The White Pele.
Perhaps the only reason Arthur Antunes Coimbra isn’t held in higher esteem in the modern age is because he never played for a European club giant, starring only for modest Udinese in Serie A.
However this makes the legend that was Zico even more remarkable. In a time when there was no internet and little global TV coverage, everybody knew who Zico was; for a period, the best player on the planet.
He became an idol in the streets and playgrounds around the globe, where millions of school kids would ‘bagsy’ his name – ‘I’m Zico!’ A few of those he inspired went on to become quite handy at football themselves, with stars like Roberto Baggio, Leonardo and Ronaldo all naming Zico as their childhood idol.
Standing just over 5ft 7” and with a body almost waif-like, Zico was far from physically imposing. Very early in his career he was placed on a special diet and had to follow a specific muscle development program which helped cultivate a strong enough body that would be deemed suitable for the rigours of the professional game.
His technique however, was never in question. A fantasista who could use both feet, possessing sublime dribbling skills and passing, he is perhaps most famously remembered as one of history’s greatest free-kick experts. Zico developed his unerring accuracy from dead balls by practicing for many hours, and by hanging a shirt in the top corner of the goal for target practice.
Like many fantasisti, he could both create and finish, stating:
Being the arrow and the bow came naturally to me.
However like all great playmakers, his primary objective was to provide his team mates with goal-scoring opportunities:
My philosophy was simple: try to find the strikers first.
Arguable Brazil’s second greatest number 10, from 1978 – 1986 he starred in the three World Cups, wearing what is possibly the most iconic shirt in football. Many players would have been worn down by the sheer weight of expectation placed upon them in wearing the Seleção’s most prized possession, but not Zico, who drew praise from its most famous occupant, Pele:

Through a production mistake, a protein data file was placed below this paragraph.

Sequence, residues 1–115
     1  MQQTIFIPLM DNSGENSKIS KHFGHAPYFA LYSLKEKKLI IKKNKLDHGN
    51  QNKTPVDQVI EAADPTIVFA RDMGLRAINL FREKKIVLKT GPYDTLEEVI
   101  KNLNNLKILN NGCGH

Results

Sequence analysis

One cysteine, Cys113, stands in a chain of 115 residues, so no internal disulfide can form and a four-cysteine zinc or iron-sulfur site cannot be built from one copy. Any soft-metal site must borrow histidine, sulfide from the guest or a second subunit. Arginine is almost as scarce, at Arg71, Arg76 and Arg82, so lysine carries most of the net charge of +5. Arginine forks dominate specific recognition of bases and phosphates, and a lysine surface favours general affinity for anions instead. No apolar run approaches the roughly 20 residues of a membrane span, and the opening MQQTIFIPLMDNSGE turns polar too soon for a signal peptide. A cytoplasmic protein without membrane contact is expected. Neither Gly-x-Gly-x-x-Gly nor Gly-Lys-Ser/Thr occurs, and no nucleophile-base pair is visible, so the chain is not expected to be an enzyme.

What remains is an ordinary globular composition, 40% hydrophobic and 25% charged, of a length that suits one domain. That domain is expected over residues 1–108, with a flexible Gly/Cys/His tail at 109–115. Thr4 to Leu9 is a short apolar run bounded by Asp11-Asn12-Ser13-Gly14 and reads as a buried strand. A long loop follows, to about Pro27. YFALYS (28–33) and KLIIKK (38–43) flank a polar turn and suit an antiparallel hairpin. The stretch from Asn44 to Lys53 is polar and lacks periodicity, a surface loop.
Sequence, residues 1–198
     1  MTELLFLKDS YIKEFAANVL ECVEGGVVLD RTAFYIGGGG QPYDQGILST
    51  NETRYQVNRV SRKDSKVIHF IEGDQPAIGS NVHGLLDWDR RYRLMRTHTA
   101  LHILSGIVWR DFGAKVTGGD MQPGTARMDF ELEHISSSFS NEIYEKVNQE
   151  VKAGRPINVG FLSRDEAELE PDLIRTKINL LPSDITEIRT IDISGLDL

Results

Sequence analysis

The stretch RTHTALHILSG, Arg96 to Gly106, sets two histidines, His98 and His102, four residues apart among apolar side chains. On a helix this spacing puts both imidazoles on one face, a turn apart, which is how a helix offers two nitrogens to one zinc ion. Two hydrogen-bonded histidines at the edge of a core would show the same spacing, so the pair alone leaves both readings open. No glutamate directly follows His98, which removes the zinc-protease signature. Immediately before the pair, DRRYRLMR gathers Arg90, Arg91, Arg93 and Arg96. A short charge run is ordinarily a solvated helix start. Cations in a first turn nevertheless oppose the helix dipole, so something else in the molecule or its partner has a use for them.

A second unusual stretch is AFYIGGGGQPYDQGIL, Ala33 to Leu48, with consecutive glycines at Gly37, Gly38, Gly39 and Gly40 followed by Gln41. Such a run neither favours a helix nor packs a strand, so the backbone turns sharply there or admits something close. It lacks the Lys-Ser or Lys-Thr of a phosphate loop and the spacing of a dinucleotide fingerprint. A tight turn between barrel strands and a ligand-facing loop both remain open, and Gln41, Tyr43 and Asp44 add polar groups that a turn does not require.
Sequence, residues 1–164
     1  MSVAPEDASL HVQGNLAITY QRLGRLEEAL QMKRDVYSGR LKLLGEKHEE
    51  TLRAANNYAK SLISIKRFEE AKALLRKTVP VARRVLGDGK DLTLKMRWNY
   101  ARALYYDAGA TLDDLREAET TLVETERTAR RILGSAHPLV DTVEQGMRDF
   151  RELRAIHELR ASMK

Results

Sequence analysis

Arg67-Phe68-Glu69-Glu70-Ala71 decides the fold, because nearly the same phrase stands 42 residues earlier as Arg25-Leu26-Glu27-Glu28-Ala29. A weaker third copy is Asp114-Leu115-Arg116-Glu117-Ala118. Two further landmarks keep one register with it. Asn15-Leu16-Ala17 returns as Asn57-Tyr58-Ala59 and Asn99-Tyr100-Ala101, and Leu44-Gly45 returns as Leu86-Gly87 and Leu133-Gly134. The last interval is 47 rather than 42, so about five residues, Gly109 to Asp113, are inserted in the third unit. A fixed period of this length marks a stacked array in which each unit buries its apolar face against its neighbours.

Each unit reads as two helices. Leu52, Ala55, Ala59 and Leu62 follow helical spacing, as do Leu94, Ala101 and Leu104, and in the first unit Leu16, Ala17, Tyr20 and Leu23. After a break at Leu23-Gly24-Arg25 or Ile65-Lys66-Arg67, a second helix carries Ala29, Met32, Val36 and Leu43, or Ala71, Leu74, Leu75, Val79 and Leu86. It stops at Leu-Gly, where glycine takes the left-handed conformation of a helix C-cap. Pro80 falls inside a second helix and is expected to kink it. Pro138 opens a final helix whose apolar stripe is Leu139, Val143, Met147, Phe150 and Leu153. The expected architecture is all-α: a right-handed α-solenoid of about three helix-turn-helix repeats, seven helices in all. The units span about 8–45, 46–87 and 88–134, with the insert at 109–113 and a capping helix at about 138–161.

Throughout the years, the one player that came closest to me was Zico.
Perhaps the greatest fantasista of them all, Diego Maradona had this to say:
A director of games. They chucked Pele’s number 10 jersey at him and it fitted like a glove. He had the authority of a great leader. A sensational bloke and a fantastic player.
Whilst he never reached the heights of Pele in terms of winning a World Cup, he is still part of its history by being part of the infamous 1982 team many believe was the greatest team never to win the tournament. The ‘86 team wasn’t too bad either, but Brazil crashed out the tournament on penalties to France – and his fantasista nemesis throughout the early 80s – Michel Platini.
At club level he formed a career in his native land with hometown club Flamengo from 1971-1983, winning the Copa Libertadores in 1981 and then the Intercontinental Cup, beating the glorious Liverpool team 3-0, thus establishing his status as a legend in Rio. 1983 saw a personal zenith reached in being crowned World Player of the Year.
It was then to Italy, where he signed for Udinese. However, even Zico was unable to fire a mediocre side to success; though he formed a strong rivalry with fellow fantasisti Michel Platini and Diego Maradona, providing spectacle and excitement whilst battling for the Capocannoniere crown in Serie A.
After only two seasons in Europe he returned to his beloved Flamengo, then ended his career playing in Japan where he remains extremely popular, in no small part to his help in launching the new J-League.
- Born: 3rd March 1953 in Rio de Janeiro (Brazil)
- Height: 1.72m / 5ft 7 1/2
- 1971-1983: Flamengo – 212 apps / 123 goals
- 1983-1985: Udinese – 39 apps / 22 goals
- 1985-1989: Flamengo – 37 apps / 12 goals
- 1991-1994: Kashima Antlers – 45 apps / 35 goals
- Totals: 334 app / 193 goals
- 1976-1988: Brazil – 72 caps / 52 goals
- World Player of the Year: 1983
- South American Player of the Year: 1977, 1981, 1982
- Rio State Championship 1972, 1974, 1978, 1979, 1981, 1986
- Brazilian Championship 1980, 1982, 1983, 1987
- Copa Libertadores 1981
- Intercontinental Cup 1981
- J – League Suntory Series 1993